African-Americans and Hispanics in Grand Rapids and Kentwood have some less favorable opinions on local health care than the general population.
That is one of the findings of an EPIC–MRA poll conducted for the Grand Rapids African American Health Institute. It’s a message the institute plans to carry to local health care institutions, said Dr. Khan Nedd, chairman of the GRAAHI board.
“Regardless of what we know, what clinical evidence tells us, it is also important to understand the perception in terms of the community,” Nedd said.
The survey measured those perceptions earlier this year. It questioned 524 adults, as well as an over-sample of 222 African-Americans and 190 Hispanics in the two cities. Among the findings:
- All three groups — the general population, African-Americans and Hispanics — gave negative ratings to the issue of whether the local health care system meets the needs of all residents, regardless of income.
- The general population was split evenly over whether the health care system does a good job of providing information on the availability of services to all, but African-American and Hispanic responses were more than 50 percent negative.
- Twice as many African-Americans, as opposed to the general population, reported they had declined to fill a prescription when they needed it, and almost half said it was due to the cost, even with health insurance.
“It confirmed a lot of things we already knew,” Nedd said.
“It begins to open the doors for us to understand how to bridge what people identify as major issues in health care, and what we know about those issues and outcomes.”
Lody Zwarensteyn, president of the Alliance for Health, a local health care planning agency, and a GRAAHI board member, said the health care system should take notice of the survey’s results.
“A lot of people are worried,” Zwarensteyn said. “They really feel the system is not responding to their needs.”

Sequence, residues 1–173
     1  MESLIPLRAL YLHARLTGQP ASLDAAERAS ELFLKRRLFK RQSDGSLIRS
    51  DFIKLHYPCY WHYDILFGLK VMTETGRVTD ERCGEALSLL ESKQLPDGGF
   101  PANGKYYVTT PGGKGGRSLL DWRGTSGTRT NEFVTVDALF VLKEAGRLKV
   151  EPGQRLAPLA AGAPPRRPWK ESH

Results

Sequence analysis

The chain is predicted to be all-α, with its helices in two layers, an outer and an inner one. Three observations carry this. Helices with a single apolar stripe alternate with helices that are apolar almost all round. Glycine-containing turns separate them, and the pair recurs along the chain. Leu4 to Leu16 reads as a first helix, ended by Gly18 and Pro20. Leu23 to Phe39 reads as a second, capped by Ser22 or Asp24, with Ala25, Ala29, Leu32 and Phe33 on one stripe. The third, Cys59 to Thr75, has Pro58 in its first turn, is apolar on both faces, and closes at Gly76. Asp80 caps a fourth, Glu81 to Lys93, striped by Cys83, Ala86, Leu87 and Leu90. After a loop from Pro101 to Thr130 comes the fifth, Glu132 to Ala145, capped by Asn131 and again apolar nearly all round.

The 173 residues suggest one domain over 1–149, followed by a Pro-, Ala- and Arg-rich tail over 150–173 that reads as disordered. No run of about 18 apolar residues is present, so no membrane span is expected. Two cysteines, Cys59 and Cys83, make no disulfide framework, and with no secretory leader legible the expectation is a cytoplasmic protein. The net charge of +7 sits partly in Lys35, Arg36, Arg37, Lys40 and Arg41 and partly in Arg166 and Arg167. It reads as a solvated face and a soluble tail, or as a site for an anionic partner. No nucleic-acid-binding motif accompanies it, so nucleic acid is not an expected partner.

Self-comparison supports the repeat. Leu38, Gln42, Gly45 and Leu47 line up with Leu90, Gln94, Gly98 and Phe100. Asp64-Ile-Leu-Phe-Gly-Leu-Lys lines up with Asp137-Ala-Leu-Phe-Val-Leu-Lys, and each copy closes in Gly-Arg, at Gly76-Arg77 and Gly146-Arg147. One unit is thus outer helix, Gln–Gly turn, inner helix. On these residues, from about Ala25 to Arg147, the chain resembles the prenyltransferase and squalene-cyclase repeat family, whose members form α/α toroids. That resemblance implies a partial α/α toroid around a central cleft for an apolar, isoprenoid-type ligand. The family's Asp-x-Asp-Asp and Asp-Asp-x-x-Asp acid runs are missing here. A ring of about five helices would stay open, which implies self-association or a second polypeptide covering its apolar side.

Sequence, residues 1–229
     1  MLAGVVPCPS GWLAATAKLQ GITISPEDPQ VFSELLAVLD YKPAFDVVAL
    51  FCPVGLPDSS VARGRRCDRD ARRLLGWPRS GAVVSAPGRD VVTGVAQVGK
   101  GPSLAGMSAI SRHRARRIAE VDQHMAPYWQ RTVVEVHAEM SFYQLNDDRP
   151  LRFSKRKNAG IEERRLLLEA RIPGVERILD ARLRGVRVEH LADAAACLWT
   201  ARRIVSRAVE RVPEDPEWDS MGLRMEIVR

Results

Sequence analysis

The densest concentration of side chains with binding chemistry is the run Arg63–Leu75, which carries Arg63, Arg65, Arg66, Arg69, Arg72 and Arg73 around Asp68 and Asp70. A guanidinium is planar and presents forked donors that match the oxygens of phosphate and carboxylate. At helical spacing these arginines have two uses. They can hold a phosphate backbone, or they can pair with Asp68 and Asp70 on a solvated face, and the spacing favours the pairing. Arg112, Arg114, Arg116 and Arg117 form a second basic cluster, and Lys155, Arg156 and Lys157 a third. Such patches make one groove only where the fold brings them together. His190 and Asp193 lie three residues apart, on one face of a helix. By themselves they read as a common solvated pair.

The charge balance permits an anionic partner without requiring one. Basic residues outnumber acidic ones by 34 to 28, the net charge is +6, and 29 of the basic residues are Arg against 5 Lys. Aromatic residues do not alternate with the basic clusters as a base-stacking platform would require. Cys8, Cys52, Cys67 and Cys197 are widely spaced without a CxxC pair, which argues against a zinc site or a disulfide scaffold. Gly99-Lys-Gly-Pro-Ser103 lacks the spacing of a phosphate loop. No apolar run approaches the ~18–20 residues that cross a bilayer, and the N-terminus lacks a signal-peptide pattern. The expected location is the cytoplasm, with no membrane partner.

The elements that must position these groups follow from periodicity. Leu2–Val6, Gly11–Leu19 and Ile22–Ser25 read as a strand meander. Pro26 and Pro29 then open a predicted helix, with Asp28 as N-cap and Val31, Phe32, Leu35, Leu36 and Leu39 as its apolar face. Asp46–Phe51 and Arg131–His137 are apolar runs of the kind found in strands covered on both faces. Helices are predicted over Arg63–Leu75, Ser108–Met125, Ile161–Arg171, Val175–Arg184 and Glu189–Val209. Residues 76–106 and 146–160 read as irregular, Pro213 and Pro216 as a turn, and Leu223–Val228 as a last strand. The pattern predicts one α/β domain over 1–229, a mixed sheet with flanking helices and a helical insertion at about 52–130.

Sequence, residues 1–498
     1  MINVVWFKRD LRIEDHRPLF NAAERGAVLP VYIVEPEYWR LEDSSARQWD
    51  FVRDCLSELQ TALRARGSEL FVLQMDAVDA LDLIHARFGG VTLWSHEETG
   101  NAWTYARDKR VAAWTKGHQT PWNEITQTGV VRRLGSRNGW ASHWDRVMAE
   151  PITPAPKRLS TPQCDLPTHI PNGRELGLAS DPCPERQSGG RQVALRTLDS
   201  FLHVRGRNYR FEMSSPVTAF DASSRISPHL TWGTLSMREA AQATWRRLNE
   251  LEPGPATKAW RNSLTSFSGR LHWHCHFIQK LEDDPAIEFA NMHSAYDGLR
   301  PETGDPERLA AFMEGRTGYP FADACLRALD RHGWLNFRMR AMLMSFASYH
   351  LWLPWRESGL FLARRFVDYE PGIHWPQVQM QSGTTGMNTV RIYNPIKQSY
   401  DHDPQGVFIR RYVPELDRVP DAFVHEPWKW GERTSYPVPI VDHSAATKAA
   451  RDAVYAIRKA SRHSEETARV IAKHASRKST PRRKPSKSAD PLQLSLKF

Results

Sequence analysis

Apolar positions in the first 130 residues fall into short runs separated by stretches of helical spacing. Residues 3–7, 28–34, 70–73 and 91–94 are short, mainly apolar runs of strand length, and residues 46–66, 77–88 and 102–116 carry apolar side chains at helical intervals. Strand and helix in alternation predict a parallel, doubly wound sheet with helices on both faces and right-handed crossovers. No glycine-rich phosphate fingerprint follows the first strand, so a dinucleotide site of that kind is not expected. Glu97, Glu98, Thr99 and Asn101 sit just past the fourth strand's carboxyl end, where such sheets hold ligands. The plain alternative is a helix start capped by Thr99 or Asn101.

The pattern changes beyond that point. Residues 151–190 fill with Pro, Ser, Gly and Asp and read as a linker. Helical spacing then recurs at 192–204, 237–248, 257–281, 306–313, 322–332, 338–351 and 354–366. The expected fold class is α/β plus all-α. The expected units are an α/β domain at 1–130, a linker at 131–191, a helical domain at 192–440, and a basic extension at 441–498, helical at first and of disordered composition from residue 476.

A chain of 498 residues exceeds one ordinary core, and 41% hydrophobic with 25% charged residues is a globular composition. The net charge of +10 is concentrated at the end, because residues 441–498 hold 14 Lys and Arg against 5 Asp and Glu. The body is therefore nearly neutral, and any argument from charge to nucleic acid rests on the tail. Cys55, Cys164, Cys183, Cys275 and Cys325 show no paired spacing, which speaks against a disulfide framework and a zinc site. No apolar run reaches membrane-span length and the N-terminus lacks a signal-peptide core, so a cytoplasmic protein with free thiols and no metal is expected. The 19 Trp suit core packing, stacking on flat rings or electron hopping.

Zwarensteyn said he hopes that health care providers will consider the GRAAHI study results and review their own modes of operation in light of them.
Paul Doyle, director of service strategy for Spectrum Health’s Healthier Communities, said GRAAHI’s role in generating research is crucial.
“Obtaining data and using it to influence our strategies in how we provide services to address the issues is key,” said Doyle, also a GRAAHI board member.
As an example, Doyle cited the $2.4 million federal grant that funds Healthy Start, in which multiple providers are zeroing in on infant mortality. Disparity in infant mortality has been an issue in Kent County for many years, he said. For example, the infant death rate for blacks in Michigan in 2003-05 was 17.6 per 100 live births, compared to 6.2 percent for whites during the same time period, according to the Michigan Department of Community Health.
“I think continuous education is very key, internally and externally, to address those issues (of health care disparity),” Doyle said. “Being able to train our providers and how to engage all the diverse population we serve and provide care to in a culturally competent manner is very important. We have to continuously work in that area. I don’t think it’s something we are just going to meet and then not do any work with.”
The GRAAHI survey results mirror similar surveys taken around the nation. Disparity in health care has been the topic of much research.
For example, a study by researchers from Harvard and Brown universities, released in October, reviewed the outcomes for 334,000 Medicare patients in 151 health plans. The study found, for example, that 72 percent of white heart patients had their cholesterol levels under control. But only 57 percent of black heart patients had controlled cholesterol.
Researchers said that rather than overt discrimination, this and other study findings have roots in sociological issues. For example, a doctor might suggest a patient eat more fresh fruits and vegetables, not taking into account whether the patient has access to them, researchers said.
The GRAAHI study was released in October 2006. HQX